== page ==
On May 17th, 1944, after a grueling 65-mile march over the 6,000-foot Kumon Mountain range (using mules for carrying supplies) to Myitkyina, the Marauders, along with several Chinese regiments, attacked the unsuspecting Japanese at the Myitkyina airfield. Success for the Marauders at the airfield came quickly; however, the town of Myitkyina could not immediately be taken.

Fighting continued throughout the rain-soaked summer. Myitkyina fell on August 3, 1944. The cost was high but the rewards were substantial. A way had been opened for the Ledo (Stilwell) Road. Engineers, laborers, technicians, and construction crews, following closely on the heels of the combat troops, were already clearing ground for highways, gas stations, supply points, and motor shops along the route of the Ledo Road; they were building pipelines to carry aviation fuel directly from India to China.
Despite constant battles with the Japanese, malaria, dysentery and scrub typhus, Merrill's Marauders fought their way through hundreds of miles of Burmese jungle over seven months.

In five major and thirty minor engagements, they defeated the veteran soldiers of the Japanese 18th Division (conquerors of Singapore and Malaya) who vastly outnumbered them. Always moving to the rear of the main forces of the Japanese, they disrupted enemy supply and communication lines, and climaxed their behind-the-lines operations with the capture of Myitkina, the only all-weather airfield in Burma.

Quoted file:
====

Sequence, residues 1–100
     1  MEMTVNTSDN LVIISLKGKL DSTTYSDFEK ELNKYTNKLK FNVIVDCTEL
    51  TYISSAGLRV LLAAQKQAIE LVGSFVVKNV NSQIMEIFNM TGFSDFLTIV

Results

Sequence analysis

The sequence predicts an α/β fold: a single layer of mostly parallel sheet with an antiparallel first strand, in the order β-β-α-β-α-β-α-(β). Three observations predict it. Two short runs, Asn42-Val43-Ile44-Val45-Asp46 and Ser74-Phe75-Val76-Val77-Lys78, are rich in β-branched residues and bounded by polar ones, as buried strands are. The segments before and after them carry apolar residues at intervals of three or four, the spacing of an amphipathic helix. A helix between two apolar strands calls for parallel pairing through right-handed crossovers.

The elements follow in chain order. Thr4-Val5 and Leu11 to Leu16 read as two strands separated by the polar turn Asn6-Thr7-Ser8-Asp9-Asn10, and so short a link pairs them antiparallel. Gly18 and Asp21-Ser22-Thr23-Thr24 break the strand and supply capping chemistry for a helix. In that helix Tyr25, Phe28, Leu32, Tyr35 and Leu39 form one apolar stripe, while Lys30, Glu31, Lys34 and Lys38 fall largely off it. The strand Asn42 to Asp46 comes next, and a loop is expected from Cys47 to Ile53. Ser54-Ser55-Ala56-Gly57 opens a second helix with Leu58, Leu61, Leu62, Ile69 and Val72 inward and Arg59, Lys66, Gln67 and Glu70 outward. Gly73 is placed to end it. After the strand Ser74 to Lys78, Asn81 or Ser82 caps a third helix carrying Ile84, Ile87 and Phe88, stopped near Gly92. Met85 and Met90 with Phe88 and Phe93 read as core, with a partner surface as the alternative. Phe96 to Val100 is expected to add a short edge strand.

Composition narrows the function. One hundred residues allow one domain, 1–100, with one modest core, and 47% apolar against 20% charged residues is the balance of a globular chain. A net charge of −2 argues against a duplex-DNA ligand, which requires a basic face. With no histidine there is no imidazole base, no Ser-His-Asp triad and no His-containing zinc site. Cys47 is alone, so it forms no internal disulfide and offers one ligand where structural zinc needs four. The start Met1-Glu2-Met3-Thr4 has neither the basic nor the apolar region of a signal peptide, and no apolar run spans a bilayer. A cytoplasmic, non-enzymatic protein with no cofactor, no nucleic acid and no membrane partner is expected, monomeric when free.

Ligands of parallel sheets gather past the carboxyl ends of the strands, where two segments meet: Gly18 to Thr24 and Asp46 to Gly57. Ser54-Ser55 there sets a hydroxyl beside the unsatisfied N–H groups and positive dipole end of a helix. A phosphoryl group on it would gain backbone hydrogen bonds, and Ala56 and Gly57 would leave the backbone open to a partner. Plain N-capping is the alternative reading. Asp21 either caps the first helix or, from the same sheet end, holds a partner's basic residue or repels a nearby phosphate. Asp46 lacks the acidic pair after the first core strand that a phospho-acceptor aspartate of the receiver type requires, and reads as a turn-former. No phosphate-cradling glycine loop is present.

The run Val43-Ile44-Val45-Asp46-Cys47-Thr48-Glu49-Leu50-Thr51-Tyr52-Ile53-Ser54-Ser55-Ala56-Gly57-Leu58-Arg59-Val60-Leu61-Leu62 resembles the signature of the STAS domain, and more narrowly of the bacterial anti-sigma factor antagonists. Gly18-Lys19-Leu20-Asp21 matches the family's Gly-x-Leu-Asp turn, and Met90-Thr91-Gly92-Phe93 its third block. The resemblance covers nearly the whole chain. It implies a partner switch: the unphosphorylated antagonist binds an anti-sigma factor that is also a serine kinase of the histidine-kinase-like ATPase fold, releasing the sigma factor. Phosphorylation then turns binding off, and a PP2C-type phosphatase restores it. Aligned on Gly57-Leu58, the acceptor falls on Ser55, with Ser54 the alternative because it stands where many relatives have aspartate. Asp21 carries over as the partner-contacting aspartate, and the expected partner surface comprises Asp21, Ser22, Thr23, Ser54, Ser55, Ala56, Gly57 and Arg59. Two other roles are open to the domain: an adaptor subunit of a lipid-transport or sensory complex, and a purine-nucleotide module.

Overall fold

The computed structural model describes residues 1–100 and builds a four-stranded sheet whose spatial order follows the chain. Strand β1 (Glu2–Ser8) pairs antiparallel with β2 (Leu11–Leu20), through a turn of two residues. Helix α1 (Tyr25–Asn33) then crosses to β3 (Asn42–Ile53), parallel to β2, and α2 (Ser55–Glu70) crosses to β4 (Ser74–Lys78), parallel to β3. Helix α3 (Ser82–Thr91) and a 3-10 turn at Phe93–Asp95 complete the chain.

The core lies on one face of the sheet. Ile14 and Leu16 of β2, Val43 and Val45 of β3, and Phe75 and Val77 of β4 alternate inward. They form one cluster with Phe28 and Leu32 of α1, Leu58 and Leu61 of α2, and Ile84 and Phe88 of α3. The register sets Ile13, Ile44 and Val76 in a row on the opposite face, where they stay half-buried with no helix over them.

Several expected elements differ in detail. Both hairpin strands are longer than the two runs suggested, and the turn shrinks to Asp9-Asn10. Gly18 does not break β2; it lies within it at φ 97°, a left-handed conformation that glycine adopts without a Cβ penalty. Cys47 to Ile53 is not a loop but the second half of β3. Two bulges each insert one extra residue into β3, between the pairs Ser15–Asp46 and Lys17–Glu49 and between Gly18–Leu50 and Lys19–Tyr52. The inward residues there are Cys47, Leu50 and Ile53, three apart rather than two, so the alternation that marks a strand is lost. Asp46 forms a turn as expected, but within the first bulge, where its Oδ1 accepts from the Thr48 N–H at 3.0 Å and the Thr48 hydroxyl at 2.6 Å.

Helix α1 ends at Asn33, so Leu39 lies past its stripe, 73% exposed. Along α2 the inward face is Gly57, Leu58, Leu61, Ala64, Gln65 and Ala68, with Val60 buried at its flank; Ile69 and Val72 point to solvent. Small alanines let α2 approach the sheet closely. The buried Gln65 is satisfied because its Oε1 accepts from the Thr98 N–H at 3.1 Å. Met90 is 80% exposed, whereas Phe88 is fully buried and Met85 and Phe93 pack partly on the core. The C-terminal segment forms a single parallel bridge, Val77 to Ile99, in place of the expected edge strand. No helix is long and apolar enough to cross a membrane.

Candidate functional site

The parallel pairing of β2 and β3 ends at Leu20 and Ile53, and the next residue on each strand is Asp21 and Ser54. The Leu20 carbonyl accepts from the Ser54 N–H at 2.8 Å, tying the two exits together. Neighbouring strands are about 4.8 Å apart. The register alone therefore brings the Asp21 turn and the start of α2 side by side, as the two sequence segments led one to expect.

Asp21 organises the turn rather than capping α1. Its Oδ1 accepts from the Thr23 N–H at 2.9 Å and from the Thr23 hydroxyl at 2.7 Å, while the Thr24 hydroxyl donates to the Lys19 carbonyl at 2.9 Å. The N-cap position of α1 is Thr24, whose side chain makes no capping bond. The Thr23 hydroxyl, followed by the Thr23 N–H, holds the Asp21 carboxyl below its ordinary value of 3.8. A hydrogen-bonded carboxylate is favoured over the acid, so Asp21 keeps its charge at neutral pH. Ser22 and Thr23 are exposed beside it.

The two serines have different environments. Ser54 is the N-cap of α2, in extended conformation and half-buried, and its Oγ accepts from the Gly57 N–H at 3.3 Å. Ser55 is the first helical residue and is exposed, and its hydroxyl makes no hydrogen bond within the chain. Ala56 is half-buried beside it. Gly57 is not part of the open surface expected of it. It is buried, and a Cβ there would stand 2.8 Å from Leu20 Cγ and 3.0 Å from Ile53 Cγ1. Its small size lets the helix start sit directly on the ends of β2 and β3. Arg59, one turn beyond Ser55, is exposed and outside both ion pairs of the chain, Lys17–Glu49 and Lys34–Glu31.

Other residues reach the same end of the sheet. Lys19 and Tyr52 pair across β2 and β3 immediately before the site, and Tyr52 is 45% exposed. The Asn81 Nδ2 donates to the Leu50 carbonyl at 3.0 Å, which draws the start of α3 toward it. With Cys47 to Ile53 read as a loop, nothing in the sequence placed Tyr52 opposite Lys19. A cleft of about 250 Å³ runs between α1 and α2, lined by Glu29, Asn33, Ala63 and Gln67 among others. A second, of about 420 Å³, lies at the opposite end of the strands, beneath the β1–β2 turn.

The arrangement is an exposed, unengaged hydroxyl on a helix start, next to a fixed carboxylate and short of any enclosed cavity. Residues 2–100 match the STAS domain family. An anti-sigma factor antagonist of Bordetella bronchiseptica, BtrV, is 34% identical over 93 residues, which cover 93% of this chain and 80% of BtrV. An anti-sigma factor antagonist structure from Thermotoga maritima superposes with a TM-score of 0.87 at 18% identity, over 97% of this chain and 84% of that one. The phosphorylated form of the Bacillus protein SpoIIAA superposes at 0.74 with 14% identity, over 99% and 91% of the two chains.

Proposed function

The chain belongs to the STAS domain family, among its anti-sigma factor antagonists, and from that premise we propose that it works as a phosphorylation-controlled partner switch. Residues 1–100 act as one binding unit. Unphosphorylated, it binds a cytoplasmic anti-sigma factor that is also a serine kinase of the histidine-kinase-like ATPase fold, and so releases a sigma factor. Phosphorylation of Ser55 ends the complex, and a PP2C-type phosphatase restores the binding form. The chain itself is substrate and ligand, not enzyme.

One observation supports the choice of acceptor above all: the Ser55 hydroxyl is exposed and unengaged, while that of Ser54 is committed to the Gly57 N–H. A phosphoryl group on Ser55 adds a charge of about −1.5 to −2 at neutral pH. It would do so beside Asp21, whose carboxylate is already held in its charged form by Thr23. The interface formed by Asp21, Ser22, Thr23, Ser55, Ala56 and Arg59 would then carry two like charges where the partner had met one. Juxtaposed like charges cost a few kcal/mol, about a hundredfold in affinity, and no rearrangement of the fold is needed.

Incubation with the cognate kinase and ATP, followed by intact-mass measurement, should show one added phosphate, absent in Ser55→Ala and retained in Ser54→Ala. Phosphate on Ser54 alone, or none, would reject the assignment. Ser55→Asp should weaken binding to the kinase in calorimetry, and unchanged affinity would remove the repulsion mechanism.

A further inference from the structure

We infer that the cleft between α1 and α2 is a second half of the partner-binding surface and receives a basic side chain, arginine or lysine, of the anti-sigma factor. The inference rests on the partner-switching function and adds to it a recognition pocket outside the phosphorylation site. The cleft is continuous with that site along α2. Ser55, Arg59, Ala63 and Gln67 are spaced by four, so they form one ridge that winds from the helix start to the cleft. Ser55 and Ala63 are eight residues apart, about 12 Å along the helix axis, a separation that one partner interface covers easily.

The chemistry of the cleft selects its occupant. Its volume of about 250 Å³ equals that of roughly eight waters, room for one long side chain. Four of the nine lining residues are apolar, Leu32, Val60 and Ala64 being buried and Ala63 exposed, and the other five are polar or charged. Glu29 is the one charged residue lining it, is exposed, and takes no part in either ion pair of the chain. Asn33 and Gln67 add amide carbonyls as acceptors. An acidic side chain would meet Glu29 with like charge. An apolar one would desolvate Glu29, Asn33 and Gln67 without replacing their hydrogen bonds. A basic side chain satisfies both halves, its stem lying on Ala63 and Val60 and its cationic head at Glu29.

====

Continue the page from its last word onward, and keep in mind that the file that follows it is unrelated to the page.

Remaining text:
JT

jacobtowne
02-06-2007, 10:06 AM
Here are some photos.
1. North Burma February - March, 1944
Pfc. Norman J. "Chief" Janis, a Sioux Indian, who first fought as a member of the 32nd Division in Buna, New Guinea, displayed his marksmanship anew in a battle near Lagang Ga. He killed seven Japanese soldiers with seven shots from his M1 Garand, which he called “Betsy.” Norman J. Janis is from Kyle, South Dakota.


2. North Burma February - March, 1944
Marauder column passes bodies of Japanese killed shortly before in attempted ambush of a preceding I & R Platoon patrol that was advancing along a Burma trail through high elephant grass.

3. North Burma February - March, 1944
Sgt. Louis Reid of East Islip, L.I., N.Y., and a Chinese soldier compare old and new model Thompson sub-machine guns when the Chinese relieved the Marauders follwing the Walawbum battle.



JT

jacobtowne
02-06-2007, 10:46 AM
More photos.

1. Sprucing up for a date with the enemy, is Pvt. Joseph Canci of B'klyn, N.Y. formerly a button maker. Barber trimming the mule skinner mustache is Cpl. William Binter of Milwaukee, Wis. Formerly a barber. Binter, 20 yrs. old, has still not had his first shave.

2. General Merrill, map in hand, evaluating Marauders present position.

3. Hsamshingyang, Burma, early April, 1944
C-47 (Dakota) supply ship immediately after belly landing with chute still entangled in left elevator controls. Note propellers and engine parts in rut gouged out by plane in landing.

JT

Chevan
02-07-2007, 01:12 AM
Good info and photos , thanks jacobtowne.

BTW do you know the story of defence the Corregidor and Bataan in march 1942?

pdf27
02-07-2007, 05:44 AM